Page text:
Anaconda Review: "A simple and powerful open-source Python distribution"https://www.trustradius.com/data-scienceAnacondaUnspecified8.7251012018-07-12T15:27:14.157Z
Overall Satisfaction with Anaconda
Anaconda is used by most members of my department who use Python. Since Anaconda is a cross-platform program, it makes collaboration among Mac/PC/Linux users relatively painless. Anaconda's package management system helps us maintain the most up-to-date Python libraries, which is important for working on code development within our department. Anaconda helps us avoid problems with installing python libraries that sometimes arise when installing libraries using pip. This, in turn, allows us to spend more of our time developing code and building software rather than troubleshoot issues with installing libraries. Anaconda offers several IDEs for python (and R), which makes writing code and debugging easier.
- Installing packages is very easy with Anaconda. Anaconda comes with 'anaconda navigator', a terminal-like utility from which you can easily install R packages and python libraries.
- Launching R and python IDEs as well as Jupyter notebooks from anaconda navigator is simple, and Anaconda makes it very easy to keep these packages up-to-date.
- I really like the fact that if you don't want to install the full version of Anaconda, you can opt to install a lightweight version (called Miniconda) that includes less python libraries and only core conda. I've installed it when I didn't want to take up as much disk space as Anaconda requires, but it works just the same.
- Although I have generally had positive experiences with Anaconda, I have had trouble installing specific python libraries. I tried to remedy the solution by updating other packages, but in the end, things got really messed up, and I ended up having to uninstall and reinstall a total of about 4 times over the past 2 years.
- If you have the free version of Anaconda, there is not much support. Googling questions and error messages are helpful, but there were times when I wished I would have been able to ask technical support to help me troubleshoot issues.
- There were a few times when I tried to install tensorflow and tensorboard via Anaconda on a PC, but I could not get them to install properly. Anaconda allows you to create 'environments' , which allow you to install specific versions of python and associated libraries. You can keep your environments separate so they do not conflict with one another. Anyway, I ended up having to create several 'conda envrionments' just so I could use tensforflow/tensorboard and a few other utilities to avoid errors. This was somewhat annoying, because every time I wanted to run a specific model, I'd have to open up the specific conda environment with the appropriate python libraries.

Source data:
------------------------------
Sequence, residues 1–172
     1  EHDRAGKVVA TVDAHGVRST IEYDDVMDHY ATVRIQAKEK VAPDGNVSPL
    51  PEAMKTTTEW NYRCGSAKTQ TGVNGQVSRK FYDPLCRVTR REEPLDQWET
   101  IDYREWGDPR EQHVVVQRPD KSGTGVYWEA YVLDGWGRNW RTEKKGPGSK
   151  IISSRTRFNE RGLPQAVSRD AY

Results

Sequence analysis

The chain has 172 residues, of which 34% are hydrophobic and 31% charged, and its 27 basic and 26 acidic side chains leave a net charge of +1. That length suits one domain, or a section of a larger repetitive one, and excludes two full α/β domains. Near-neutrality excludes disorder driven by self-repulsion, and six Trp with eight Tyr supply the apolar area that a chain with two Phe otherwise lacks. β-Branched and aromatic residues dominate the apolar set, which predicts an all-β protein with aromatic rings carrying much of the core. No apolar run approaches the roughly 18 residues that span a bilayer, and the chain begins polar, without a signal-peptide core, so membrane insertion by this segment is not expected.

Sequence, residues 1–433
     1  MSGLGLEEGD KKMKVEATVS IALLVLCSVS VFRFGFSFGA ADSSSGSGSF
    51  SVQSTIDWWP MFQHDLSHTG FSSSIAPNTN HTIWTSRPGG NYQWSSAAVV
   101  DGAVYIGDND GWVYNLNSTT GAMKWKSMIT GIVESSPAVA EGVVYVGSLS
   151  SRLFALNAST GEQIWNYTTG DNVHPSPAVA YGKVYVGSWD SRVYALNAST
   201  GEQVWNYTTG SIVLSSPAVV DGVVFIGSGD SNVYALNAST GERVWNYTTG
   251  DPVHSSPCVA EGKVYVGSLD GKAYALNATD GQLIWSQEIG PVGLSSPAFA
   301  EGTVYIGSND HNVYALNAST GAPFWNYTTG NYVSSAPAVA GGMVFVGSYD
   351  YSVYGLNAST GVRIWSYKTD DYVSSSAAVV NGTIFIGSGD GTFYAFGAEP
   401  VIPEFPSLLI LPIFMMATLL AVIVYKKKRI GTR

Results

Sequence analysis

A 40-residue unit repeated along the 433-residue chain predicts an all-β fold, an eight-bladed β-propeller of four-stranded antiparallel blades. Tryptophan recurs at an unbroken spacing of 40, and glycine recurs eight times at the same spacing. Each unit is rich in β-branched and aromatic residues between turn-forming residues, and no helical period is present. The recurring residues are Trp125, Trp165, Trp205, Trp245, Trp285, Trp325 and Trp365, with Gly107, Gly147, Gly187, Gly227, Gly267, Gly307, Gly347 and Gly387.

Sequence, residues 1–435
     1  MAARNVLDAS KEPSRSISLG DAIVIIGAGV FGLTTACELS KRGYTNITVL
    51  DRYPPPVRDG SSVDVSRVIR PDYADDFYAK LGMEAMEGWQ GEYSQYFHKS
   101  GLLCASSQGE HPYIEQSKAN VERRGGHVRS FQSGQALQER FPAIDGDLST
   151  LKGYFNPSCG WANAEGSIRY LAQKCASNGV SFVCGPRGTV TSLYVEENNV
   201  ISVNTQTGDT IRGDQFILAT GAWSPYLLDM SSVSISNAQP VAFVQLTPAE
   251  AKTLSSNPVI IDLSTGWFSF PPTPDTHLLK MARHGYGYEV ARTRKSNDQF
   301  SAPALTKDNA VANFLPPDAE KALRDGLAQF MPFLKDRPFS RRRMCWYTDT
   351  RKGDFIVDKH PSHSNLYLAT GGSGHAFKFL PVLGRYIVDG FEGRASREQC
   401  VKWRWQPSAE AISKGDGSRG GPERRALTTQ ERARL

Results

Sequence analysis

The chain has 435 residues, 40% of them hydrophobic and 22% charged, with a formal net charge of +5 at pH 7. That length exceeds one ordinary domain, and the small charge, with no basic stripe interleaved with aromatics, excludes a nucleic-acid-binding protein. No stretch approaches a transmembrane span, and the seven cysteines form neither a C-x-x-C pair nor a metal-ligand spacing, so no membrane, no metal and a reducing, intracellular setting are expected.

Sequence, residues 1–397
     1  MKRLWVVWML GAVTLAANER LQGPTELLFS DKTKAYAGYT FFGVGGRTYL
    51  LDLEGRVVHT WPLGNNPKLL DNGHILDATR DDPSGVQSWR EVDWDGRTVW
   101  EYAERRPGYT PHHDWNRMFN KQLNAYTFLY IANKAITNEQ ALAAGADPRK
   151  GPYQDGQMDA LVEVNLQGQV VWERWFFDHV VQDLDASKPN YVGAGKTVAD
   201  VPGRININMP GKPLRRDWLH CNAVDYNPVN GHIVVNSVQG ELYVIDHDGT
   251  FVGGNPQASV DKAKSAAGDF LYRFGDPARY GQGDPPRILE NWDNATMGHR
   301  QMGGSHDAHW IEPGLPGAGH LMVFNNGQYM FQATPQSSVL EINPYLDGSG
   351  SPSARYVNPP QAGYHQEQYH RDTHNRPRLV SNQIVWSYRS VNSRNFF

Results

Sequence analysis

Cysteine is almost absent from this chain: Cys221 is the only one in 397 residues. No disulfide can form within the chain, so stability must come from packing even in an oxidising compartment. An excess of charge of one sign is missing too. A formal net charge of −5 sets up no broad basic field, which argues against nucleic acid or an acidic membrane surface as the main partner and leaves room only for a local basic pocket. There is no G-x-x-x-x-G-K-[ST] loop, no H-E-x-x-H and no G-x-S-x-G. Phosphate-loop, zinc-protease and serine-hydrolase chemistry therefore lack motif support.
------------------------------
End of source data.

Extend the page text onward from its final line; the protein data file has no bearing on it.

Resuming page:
- It has increased our productivity by allowing us to spend more time on code development and less time on troubleshooting library installation issues.
- Because Anaconda helped us increase our efficiency while developing code / statistical models, we were able to complete our research objectives quickly. This allowed us to write manuscripts and publish our results quickly..
- Anaconda makes it very easy to share code through Jupyter notebooks. This has been particularly valuable for helping other members of our department (not directly involved with software development) understand what the software developers are doing. This step also doubles as quality control, as a new set of eyes can spot small software bugs. Getting rid of software bugs early is extremely important and helps us save time and money.
I have experience using RStudio oustide of Anaconda. RStudio can be installed via anaconda, but I like to use RStudio separate from Anaconda when I am worin in R. I tend to use Anaconda for python and RStudio for working in R. Although installing libraries and packages can sometimes be tricky with both RStudio and Anaconda, I like installing R packages via RStudio. However, for anything python-related, Anaconda is my go to!
Anaconda is great for academic and private organizations that cannot afford more expensive Python/R package managers. Also, it is more appropriate for intermediate to advanced Python users--Anaconda can be somewhat frustrating for beginners, as it takes some practice to get comfortable with the workflow. I find it particularly useful for working in teams, because if everyone uses the same package manager, it is easier to troubleshoot issues and makes for reproducible research. For wealthier organizations, a premium package management system (with tech support) would be ideal. Anaconda is also great for people working independently on code development.